The South China Sea controversy demonstrates how Beijing’s actions will inevitably draw Washington and New Delhi closer together.
The respective security roles that the United States and India traditionally play in East Asia seemed to switch last week. By deciding not to supply Taiwan with the new fighter aircraft it has requested, the U.S. appeared to defer to China, which had cautioned that the sale was a “red line” that must not be crossed. In contrast, New Delhi’s determined sally into the South China Sea, in defiance of Beijing’s explicit warnings, exemplified the strategic assertion that the Obama administration has been urging on India. The dichotomy offers a glimpse of the shifting power dynamics now underway in Asia and, perhaps, a preview of what the regional security order might look like beyond the horizon.
The U.S. decision to refurbish Taiwan’s aging F-16 fleet rather than provide it with more sophisticated versions of the aircraft is taken by some in Asia as the latest sign of China’s ascent and America’s subsidence in the western Pacific, an area long thought of as a U.S. lake. The Associated Press reported that Philippine Defense Secretary Voltaire Gazmin sees the decision primarily as a function of Beijing’s growing financial leverage vis-à-vis Washington. “It has a large debt and if China will try to apply pressure, the U.S. can end up in trouble,” he said. “The U.S. has to temper its relations with Taiwan for China.” The report also quoted a South Korean defense analyst as saying that some in that country have reached the conclusion that it would be better to bandwagon with China than continue to adhere to the decades-old security alliance with the United States.
By striking coincidence, a similar storyline was being replicated last week in another part of the world in which Washington has long exercised sway. Treasury Secretary Timothy F. Geithner put in an unprecedented appearance at a gathering of European finance officials called to address the region’s burgeoning debt crisis. His presence was intended to signal U.S. concern about the spillover potential of Europe’s financial woes. But some in the audience did not take kindly to his telling them what to do. Both the Austrian and Belgian finance ministers tartly questioned how the Americans could presume to dispense advice when their own fiscal house is in such visible disarray. One media commentator observed the proceedings underscore that “in the wake of the debt-ceiling debacle, Geithner has lost a significant amount of international heft.” The Europeans, on the other, are much more interested these days in China’s views. With Beijing sitting on top of the world’s largest pile of foreign exchange, regional leaders have started to look to it as a potential financial savior.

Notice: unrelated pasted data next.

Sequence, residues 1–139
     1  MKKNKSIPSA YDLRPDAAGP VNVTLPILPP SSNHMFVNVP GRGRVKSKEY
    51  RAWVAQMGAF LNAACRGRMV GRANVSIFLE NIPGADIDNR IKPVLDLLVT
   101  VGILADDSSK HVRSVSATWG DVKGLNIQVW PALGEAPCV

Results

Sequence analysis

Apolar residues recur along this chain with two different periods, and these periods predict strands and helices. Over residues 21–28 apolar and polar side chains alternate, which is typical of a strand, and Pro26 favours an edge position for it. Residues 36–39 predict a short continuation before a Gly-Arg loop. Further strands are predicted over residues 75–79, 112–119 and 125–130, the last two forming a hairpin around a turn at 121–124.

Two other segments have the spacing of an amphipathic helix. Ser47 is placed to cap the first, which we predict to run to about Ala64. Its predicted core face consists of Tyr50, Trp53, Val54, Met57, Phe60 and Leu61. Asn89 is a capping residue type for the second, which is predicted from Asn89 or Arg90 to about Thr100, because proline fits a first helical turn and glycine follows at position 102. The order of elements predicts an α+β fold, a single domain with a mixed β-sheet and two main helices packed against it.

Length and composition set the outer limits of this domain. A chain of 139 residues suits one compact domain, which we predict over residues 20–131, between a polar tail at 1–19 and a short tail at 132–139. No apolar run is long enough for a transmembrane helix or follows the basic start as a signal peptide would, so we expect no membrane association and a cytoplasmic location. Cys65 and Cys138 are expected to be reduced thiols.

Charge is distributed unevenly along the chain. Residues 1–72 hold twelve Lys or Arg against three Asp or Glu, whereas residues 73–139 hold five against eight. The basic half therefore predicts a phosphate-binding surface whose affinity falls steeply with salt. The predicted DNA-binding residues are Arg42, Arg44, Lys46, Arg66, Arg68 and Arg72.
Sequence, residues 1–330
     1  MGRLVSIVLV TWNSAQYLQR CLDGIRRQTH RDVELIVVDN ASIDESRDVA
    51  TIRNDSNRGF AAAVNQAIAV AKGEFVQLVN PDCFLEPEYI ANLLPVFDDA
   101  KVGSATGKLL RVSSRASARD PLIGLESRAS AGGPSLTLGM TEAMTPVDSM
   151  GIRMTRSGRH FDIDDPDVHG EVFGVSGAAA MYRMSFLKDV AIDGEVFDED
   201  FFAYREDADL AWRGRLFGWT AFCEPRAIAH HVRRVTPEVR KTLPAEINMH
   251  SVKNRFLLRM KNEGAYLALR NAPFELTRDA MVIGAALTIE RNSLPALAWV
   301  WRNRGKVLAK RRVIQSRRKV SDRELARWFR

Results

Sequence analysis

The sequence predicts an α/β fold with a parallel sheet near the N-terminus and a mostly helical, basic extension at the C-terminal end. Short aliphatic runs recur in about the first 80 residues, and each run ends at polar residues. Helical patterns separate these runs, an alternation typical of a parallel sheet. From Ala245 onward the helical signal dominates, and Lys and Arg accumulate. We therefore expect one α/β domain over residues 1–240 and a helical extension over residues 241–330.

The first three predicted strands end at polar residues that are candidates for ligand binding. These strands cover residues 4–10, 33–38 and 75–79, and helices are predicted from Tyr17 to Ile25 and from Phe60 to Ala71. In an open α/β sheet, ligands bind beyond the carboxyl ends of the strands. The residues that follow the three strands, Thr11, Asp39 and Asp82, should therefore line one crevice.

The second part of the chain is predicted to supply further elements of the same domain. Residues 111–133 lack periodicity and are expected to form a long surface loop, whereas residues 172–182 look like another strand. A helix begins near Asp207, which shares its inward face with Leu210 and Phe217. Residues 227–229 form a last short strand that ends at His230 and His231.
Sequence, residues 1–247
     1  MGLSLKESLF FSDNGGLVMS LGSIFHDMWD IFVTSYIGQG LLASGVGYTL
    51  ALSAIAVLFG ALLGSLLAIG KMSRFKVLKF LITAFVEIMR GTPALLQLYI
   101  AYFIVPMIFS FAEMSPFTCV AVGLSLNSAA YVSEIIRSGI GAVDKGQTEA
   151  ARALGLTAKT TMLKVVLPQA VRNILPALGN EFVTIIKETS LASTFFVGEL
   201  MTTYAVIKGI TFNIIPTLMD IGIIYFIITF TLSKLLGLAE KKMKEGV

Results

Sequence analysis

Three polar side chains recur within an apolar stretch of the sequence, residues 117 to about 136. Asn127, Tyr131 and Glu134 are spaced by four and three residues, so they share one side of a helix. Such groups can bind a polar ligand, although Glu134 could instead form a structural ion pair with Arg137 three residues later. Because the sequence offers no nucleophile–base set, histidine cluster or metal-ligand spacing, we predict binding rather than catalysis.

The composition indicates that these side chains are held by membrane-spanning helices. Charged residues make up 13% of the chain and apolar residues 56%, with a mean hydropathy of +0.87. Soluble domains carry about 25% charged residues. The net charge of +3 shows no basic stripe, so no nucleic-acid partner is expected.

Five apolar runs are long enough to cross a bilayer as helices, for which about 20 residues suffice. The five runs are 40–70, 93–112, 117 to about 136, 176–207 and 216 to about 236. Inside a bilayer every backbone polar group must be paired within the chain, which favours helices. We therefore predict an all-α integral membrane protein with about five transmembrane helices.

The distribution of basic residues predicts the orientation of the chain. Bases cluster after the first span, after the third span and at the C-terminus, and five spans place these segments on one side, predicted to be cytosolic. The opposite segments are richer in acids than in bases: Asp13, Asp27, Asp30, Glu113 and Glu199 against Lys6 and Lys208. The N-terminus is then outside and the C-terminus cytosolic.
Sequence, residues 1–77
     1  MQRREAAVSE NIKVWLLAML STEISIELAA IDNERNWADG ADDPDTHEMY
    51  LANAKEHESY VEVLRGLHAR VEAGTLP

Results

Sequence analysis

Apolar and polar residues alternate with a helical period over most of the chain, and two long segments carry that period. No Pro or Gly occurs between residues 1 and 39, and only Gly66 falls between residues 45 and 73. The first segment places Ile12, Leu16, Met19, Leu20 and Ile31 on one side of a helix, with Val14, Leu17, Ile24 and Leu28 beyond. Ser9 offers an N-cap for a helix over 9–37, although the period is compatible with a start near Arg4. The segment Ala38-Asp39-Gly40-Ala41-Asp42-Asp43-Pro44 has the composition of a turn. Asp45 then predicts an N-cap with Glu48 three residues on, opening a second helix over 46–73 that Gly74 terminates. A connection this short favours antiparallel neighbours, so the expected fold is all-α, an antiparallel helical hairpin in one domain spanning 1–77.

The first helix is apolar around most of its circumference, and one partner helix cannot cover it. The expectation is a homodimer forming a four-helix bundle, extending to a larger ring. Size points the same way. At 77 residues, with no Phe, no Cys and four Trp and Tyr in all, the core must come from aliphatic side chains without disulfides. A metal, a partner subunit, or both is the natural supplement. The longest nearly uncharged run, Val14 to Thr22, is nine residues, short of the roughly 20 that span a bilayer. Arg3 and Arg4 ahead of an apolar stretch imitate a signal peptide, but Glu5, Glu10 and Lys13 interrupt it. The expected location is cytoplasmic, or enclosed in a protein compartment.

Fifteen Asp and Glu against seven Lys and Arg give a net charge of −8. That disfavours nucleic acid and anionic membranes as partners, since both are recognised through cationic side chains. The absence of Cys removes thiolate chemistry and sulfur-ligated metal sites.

India’s actions last week, in contrast, were the very definition of foreign policy steadfastness. On a visit to Vietnam, Foreign Minister S.M. Krishna announced that the overseas arm of India’s state-owned Oil and Natural Gas Corporation (ONGC) would proceed with hydrocarbon exploration activities in the South China Sea, an energy-rich area that in claimed in almost its entirety by Beijing. China has been increasingly brusque in asserting its claim of “indisputable sovereignty” over the waters, which it last year elevated to a “core national interest.” The marker Krishna laid down comes two months after Beijing warned New Delhi against involving itself in the area and after an unusual incident between the INS Airavat, an amphibious warfare vessel, and the Chinese navy off the coast of Vietnam.
New Delhi’s temerity sparked a passionate reaction in the China Times, a nationalist tabloid affiliated with the Communist Party. It lashed out in a lead editorial that India was engaged in “a serious political provocation” that constitutes a major challenge to China’s national resolve. It urged the Chinese leadership to use “every means possible” to reverse Indian actions. And in what seemed to be a retaliatory move, Beijing quickly announced that it would expand seabed explorations in the southwestern Indian Ocean.
Media commentary in India saw things differently. A Times of India editorial averred that “India has done well to hold its ground” and termed the ONGC move as a befitting response to the infrastructure projects China is conducting in the disputed territory of Kashmir. In a similar vein, Harsh V. Pant, a well-known foreign policy expert, noted that if “China wants to expand its presence in South Asia and the Indian Ocean region, New Delhi’s thinking goes, India can do the same thing in East Asia.” And M.K. Bhadrakumar, a former Indian diplomat, called India’s actions “a historic move,” arguing that “India’s ‘Look East’ policy acquires swagger. The Sino-Indian geostrategic rivalry is not going to be the same again.”
Observing the train of events, Time magazine’s “Global Spin” blog asked “Is This How Wars Start?” Of course, a booming bilateral economic relationship gives New Delhi and Beijing strong reason to moderate impulses toward outright military conflict. But as both countries continue simultaneously to rise in power and prestige, dynamics of competition and one-upmanship will inevitability deepen. This pattern is already evident in their Himalayan border area, in Burma and elsewhere in the Indian Ocean region and as far afield as Africa. And as last week’s events demonstrate, the South China Sea is now emerging as a new arena for strategic rivalry.
Pundits in Washington who doubt the prospects for the United States and India conjoining in a coalition directed against China should take note. The meteoric rise of Beijing’s power and the assertiveness in which it is exercised will ineluctably draw Washington and New Delhi even closer together. As a former U.S. official once predicted, “we don’t need to talk about the containment of China. It will take care of itself as India rises.”
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